Many of the buyers I work with (not only first time home buyers) have never sent a wire. While most law firms will accept a certified, bank check for an amount less than $5,000.00, amounts exceeding $5,000.00 generally must be sent to the closing attorney’s firm by wire. While it a customary practice of mine to discuss this issue during my first phone conversation with the buyer (usually made within 48 hours of receiving a purchase and sales agreement), this is not standard practice at most closing attorneys’ offices. So no matter what closing attorney is handling the transaction, it would be a great practice to address a potential wire scenario early on. Even if you address it early on (as I do), you should also remind them of this potential issue again a week or so before the closing because (as we all know) buyers have so much on his/her mind leading up to a closing and you do not want this potentially time-sensitive issue slipping his/her mind. Let me provide you a few examples of situations your client does not want to find himself/herself in.
Some people have money they plan on using for a closing in a savings account or other account that you cannot initiate a wire from. Unless the buyer learns this early on and makes other arrangements (i.e., gets a check cut from that account early), he/she may end up attempting to wire money a few days before closing and learn he/she is unable to do so in time for the closing. Another issue that may come up is that some financial institutions will not initiate a wire unless you actually go into the financial institution and initiate the wire. If his/her financial institution is not near where he/she is located, you see the issue.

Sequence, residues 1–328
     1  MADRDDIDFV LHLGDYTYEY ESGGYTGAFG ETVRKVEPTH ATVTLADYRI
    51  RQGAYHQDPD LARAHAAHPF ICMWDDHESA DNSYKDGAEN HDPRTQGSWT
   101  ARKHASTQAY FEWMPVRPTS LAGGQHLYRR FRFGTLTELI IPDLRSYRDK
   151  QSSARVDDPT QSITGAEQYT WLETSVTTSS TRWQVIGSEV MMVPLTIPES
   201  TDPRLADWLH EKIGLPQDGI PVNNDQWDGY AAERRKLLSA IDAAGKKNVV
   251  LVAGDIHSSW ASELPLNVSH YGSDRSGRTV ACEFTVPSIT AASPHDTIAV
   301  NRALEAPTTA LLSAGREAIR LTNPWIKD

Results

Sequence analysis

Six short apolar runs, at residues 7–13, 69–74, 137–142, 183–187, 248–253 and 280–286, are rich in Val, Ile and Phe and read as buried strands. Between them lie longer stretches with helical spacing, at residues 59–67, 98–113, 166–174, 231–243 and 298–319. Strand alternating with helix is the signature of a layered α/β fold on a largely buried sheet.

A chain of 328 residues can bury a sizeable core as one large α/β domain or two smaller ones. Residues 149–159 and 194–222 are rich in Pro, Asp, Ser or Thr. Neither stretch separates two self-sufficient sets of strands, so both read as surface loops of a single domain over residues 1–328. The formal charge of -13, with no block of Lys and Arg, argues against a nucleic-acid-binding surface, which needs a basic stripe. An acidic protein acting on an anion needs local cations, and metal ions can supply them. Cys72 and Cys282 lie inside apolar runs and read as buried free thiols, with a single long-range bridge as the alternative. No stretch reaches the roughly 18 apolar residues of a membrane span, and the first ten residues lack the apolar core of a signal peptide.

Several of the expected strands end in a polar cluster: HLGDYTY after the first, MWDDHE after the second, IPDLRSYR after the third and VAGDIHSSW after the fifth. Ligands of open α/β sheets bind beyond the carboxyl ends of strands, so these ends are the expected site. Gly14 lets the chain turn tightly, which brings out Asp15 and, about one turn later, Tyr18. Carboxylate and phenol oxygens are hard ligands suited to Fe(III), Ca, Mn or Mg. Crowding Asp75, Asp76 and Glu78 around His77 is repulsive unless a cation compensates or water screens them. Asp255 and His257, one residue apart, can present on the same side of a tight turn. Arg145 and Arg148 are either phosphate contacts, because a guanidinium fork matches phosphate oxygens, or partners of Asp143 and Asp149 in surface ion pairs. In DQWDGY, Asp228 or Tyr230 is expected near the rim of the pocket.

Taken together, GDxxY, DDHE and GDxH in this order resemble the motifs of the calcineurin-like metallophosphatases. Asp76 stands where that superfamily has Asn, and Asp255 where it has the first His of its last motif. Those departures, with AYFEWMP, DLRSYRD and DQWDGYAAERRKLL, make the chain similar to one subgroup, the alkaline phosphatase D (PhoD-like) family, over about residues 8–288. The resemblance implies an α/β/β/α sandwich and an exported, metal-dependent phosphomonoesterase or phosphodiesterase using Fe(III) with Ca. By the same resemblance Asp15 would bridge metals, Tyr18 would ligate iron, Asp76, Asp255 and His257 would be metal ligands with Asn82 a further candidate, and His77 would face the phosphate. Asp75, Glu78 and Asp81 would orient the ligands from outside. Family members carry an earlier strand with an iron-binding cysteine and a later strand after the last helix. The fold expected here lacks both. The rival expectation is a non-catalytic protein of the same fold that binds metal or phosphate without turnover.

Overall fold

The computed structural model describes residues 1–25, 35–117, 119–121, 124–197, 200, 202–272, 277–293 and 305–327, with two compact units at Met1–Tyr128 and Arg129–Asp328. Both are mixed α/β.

The bottom line is failure to have this money ready to be wired close to the closing date may result in your client scrambling at the last minute and in some instances will delay the closing. NOTE: As part of that discussion you should advise your client to speak with his/her lender before transferring funds to confirm it is an appropriate time to do so (i.e., you do not want your client transferring money out of an account that the lender has not verified funds in yet).
As always, if you have any questions or need anything at all relating to real estate closings, trust and estates, probate and corporate matters please contact me at (912) 484-1996 or email@example.com